John Bland: founding a family

When John Bland of Long Buckby came courting Lettice Miller of West Haddon her parents, Richard and Elizabeth Miller, approved the match and settled a house and some land on the happy couple when they tied the knot in the summer of 1656. The first baby arrived promptly the following January. She was a little …

William Ringrose and the cottage that grew

William was a child at the time of the fire. He had an elder brother, Richard (named after his father) and a younger brother, John. His youngest brother, Thomas, born in 1655, had died before he was six months old. He also had two sisters: Susanna (named after her mother) and baby Mary, born just …

Edward Burnham: the ‘trusty friend’

Edward Burnham was a gentleman and landowner, as well as the ‘trusty friend’ of Joan Elmes. Like Joan, he died unmarried, leaving property and cash bequests to members of his extended family and also mentioning the Apprenticing Fund in his will. Like Richard Wills, he had siblings who had made their homes in London: his …

Joane Elmes: making connections

There was something about Joane… Her father’s will left her £200 – twice as much as her sister Sarah, but the money was to be invested by her brother and the interest paid yearly for her maintenance as long as she remained single. If she married she was to have £150. But, if Joan shall die …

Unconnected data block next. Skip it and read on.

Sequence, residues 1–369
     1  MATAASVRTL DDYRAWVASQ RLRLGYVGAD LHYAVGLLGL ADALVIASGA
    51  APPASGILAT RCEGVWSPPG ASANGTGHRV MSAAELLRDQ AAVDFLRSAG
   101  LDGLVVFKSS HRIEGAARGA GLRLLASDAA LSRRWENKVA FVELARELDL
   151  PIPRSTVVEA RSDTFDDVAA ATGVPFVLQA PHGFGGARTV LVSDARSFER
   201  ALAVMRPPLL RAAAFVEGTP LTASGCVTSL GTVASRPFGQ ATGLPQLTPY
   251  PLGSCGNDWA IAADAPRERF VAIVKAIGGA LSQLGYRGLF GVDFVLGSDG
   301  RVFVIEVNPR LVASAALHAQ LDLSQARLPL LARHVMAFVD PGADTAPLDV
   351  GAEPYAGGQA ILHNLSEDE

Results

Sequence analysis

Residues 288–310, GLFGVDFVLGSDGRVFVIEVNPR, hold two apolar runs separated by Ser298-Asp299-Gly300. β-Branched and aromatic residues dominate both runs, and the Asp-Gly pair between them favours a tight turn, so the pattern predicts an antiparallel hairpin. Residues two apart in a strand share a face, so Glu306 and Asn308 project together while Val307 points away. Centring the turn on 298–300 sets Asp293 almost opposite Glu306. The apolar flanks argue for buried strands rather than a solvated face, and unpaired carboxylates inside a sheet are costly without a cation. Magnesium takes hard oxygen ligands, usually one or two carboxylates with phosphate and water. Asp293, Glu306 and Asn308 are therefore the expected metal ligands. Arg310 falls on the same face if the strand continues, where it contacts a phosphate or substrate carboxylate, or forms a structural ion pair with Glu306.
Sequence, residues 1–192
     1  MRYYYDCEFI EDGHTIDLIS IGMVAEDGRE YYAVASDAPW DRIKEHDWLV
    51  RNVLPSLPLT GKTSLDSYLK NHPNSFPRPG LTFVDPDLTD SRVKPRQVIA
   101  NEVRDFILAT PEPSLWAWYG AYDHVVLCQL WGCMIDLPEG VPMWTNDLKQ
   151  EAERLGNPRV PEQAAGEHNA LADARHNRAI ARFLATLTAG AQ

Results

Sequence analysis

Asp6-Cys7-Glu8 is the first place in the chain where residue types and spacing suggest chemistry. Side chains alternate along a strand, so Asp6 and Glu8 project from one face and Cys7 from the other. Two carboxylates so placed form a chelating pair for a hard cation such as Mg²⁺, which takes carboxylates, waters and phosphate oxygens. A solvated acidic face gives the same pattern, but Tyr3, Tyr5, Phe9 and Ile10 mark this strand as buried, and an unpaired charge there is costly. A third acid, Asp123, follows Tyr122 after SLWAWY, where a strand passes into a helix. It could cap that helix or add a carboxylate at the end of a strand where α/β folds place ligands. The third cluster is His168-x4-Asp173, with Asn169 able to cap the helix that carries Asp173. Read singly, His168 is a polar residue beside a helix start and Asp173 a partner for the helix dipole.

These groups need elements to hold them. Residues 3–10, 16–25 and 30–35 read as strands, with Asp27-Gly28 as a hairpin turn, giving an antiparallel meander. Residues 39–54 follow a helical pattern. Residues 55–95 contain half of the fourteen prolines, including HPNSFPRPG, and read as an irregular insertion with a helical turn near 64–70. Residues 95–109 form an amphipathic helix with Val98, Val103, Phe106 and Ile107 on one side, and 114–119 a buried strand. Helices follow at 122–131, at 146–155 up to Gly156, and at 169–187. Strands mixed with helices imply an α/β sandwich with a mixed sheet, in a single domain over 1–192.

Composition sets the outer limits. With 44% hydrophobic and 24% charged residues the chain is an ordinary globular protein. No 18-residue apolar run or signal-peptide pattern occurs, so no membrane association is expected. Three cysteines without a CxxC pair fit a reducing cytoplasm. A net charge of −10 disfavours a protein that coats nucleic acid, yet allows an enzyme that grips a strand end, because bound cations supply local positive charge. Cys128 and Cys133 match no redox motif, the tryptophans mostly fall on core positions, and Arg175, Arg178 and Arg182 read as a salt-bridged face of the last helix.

Mary Elmes: widow, mother and will-maker

Almost all that we know about Mary Elmes comes from her will. Her late husband, Thomas, had died in January, 1657, leaving her with four grown-up children: John, Joane, Sarah and William. He had also left a will, bequeathing various parcels of land and a couple of houses to his sons, large dowries to his …

Richard Wills: Hooray Henry?

Richard Wills appeared on a number of occasions before the Justices of the Peace during the winter of 1657/8. There was the assault on Thomas Cawcutt, the carpenter from Church Brampton, the late night drinking with Samuel Brabson and the pigeon shooting with an unlicensed gun and finally (perhaps in revenge for the Constable’s accusations), …

William Worcester: parish constable

There was no police force in the 17th century. In those days a constable was the senior local government officer at parish level – roughly equivalent to today’s Parish Council Chairman – but law and order was part of his remit and he was responsible for organising the ‘hue and cry’, a posse of able …

Mary Clarke: a woman who left no trace

All of the men who lost their homes in the fire have left some scrap of historical record behind them. The only woman named in the report left nothing at all – except for her appearance in that list. That is the only evidence we have that she ever lived. She was probably a widow …

Mark and Thomas Bonner: a tailor and son

Mark Bonner was a tailor. What his son Thomas did for a living is unclear – he’s quite a shadowy figure. In 1649 Mark had bought a house or cottage from his neighbour, John Warde, along with a little yard and one bay, or section, of John’s barn, with a right of way over the …